Sea Technology

FEB 2018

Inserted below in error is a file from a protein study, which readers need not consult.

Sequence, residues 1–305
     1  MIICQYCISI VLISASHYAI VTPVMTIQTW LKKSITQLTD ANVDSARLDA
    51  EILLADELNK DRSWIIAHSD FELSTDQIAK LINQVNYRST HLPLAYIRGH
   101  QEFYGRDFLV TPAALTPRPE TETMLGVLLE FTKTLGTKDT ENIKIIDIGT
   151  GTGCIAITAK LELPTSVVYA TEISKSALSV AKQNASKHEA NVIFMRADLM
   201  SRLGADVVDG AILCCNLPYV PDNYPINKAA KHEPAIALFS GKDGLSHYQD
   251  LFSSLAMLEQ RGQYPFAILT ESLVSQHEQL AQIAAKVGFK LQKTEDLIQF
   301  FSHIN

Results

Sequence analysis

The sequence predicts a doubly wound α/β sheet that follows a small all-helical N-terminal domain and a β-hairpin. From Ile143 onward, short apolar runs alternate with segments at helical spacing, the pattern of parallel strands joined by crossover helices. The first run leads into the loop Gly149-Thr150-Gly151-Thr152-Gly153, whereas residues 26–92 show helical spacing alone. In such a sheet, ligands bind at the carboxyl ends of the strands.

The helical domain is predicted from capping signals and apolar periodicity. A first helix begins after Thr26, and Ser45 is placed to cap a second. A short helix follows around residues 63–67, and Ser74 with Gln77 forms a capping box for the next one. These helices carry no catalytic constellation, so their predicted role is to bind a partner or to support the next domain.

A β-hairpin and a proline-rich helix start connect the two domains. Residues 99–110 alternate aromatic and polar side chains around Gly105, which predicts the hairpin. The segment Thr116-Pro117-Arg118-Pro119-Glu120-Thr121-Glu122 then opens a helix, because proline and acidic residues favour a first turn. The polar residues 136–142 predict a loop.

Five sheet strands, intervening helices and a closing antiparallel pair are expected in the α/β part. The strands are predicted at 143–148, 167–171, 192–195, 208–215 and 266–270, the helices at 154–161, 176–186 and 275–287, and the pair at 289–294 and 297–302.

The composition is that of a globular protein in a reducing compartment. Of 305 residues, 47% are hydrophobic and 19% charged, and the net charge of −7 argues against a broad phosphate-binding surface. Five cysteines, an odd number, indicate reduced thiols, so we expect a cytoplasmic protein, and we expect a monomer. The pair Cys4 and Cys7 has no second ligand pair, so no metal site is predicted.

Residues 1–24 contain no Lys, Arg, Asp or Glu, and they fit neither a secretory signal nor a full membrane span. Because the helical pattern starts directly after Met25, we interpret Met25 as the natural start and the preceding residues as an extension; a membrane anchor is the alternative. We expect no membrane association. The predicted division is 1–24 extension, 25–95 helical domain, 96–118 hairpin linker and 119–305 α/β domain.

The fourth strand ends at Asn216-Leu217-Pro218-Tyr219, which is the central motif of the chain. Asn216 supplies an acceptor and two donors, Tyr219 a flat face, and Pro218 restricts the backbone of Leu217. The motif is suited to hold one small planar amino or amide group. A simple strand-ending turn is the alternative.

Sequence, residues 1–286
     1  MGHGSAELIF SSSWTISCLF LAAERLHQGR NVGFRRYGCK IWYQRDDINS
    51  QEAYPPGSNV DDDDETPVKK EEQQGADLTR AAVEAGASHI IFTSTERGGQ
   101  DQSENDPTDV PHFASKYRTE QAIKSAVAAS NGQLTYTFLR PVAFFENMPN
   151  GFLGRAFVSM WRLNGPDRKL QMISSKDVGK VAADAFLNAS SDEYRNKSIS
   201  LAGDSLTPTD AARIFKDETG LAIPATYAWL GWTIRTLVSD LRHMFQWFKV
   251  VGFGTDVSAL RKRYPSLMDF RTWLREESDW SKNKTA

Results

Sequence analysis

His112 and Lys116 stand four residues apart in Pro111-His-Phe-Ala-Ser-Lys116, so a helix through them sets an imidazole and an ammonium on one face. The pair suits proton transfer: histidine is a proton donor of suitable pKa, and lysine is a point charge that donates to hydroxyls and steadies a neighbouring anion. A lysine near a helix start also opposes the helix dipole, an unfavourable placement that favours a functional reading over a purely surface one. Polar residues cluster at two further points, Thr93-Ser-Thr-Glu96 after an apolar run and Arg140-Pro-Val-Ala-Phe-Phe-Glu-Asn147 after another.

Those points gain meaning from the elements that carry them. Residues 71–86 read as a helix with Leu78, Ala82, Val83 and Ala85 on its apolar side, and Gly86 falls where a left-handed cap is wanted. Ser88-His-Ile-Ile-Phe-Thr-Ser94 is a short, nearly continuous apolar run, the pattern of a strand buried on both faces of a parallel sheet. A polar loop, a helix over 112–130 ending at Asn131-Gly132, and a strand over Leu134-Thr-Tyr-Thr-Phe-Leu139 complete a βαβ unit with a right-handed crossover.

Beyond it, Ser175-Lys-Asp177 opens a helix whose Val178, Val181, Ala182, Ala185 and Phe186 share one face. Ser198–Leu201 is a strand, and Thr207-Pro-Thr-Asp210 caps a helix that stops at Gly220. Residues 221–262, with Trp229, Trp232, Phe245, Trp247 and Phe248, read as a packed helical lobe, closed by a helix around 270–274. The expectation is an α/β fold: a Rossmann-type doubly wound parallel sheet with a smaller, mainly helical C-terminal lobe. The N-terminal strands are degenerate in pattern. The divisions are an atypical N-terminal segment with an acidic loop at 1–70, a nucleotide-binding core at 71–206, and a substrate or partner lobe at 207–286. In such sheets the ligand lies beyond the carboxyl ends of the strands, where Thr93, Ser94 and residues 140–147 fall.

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www.sea-technology.com February 2018 | ST 49 Sergii Kornieiev is the CEO and pres- ident of BaltRobot- ics. He has been the manager of many large, inno- vative international projects and has business administration experience in engineering companies. He has worked with IFS AB, Siemens, PETRONAS and many others. His scientific interests in- clude artificial intelligence, telecommu- nications and control systems. He has published more than 50 articles. C hemical weapons (CW) were produced en masse during World Wars I and II, but those made during WWII were never used in the European theatre. At the end of WWII, vast quan- tities of German chemical warfare agents (CWA) were stored in Wol- gast on the Baltic shore. From the end of the war until 1948, a total of 296,103 tons of chemical munitions and CWA were found on German territory. These were then dumped in the Baltic Sea and Skagerrak Strait on the orders of British, Russian and American occupation authorities. At least 170,000 tons of CW were dumped in the Skagerrak, mainly in the Norwegian trench, and in the eastern Skagerrak, off the Swedish coast. Entire ships were sunk with their cargo. In the Baltic Sea, at least 50,000 tons of CW were dumped, suppos- edly containing roughly 15,000 tons of CWA. In most cases, the CW were thrown overboard, either loose (bombs, shells) or in contain- ers, but some ships were also sunk. In most cases, the dumped materi- als contained explosives. In some cases, dumping of conventional munitions was carried out in the same locations as CW dumping. CHEMSEA (Chemical Munitions, Search and Assessment) was a flag- ship project of the Baltic Sea Region Strategy to study munitions dumped from WWII. The project was fi- nanced by the EU Baltic Sea Region Program 2007 to 2013 (Sea Tech- nology, January 2017). CHEMSEA was conducted from 2011 to 2014. After WWII, in Germany, there were supposedly 302,875 tons of chemical munitions (gross weight), translating into nearly 65,000 tons of pure toxic substances (CWA). From these, 35,000 tons were lo- cated in the U.S.S.R. zone of oc- cupation, and 30,000 tons were in the zones occupied by the U.S., U.K. and France. The 1945 Potsdam Conference required that all Ger- many's chemical munitions must be destroyed. The Allies planned to move the munitions to old vessels and dump them in depths of more than 1,000 m. Most of the chemi- cal munitions were mustard gas and lewisite. Mustard gas is an agent that can cause mutations and can remain stable on the seabed for de- cades after its metal encasings have corroded. In the Baltic Sea alone, the dumping covered a total of about 2,100 sq. km. Today, the level of chemical pollution in the area is ab- normally high. In addition, during the Cold War, munitions were also disposed of in an unofficial dumping site in the Gdansk Deep off the Polish coast. CW and CWA remnants contin- ue to be a threat, especially as use of the Baltic Sea floor continues to increase. Projects are on the rise, including submarine cables and offshore wind farms, a tunnel from Germany to Denmark, and several pipelines (e.g., Nord Stream, which stretches over 1,224 km on the Bal- tic bottom from Russia to Germa- ny). Some of these projects are near areas at risk of contamination from CWA degradation products. Also, trawling with bottom contact gear in areas surrounding CWA dumps is very intensive and comes with the risk of CW bycatch. Natural processes cannot be re- lied on to remedy the problem be- cause Baltic Sea water exchange occurs only once every 27 to 30 years. This means the munitions will remain a problem for decades. During the last 20 years, 115 in- cidents involving submerged CWA were reported. From 2003 to 2012, there were 44 reported incidents. Although the number of reported incidents has declined during the last decade, incidents are still oc- curring, with potentially serious outcomes as activity increases in the Baltic Sea. Compounding the problem is that there are no precise maps from the U.S., U.K., France and Rus- sia detailing where the CWs were dropped, what type and in what volume. CHEMSEA was a good start to address the problem, but this project is inadequate on its own. This is partly due to the €4.5 mil- lion funding for CHEMSEA, which is not enough to tackle 300,000 tons of dumped chemical muni- tions. Modern technology such as side scan sonars, magnetometers, ROVs and video cameras were de- ployed for CHEMSEA, but their de- ployment was very limited in scope. Renting a vessel with an ROV and crew can cost $100,000 a day. This means that eliminating the threat of dumped munitions for the Baltic Sea requires billions of euros. But finances shouldn't hobble progress. CHEMSEA should con- tinue. Ideally, the project should advance to localizing CW on the seafloor; testing approaches to de- stroy or encapsulate the objects; es- timating the extent and costs of the workscope; establishing mass med- ical investigations in the EU popula- tion for possible CWA impact; and creating steps for incidents to be registered with EU institutions and thoroughly investigated. The CHEMSEA project should not simply end. Dumped munitions continue to threaten the environ- ment and the health and safety of EU communities. ST soap box Investigation Must Continue into WWII Munitions Dumping—Sergii Kornieiev

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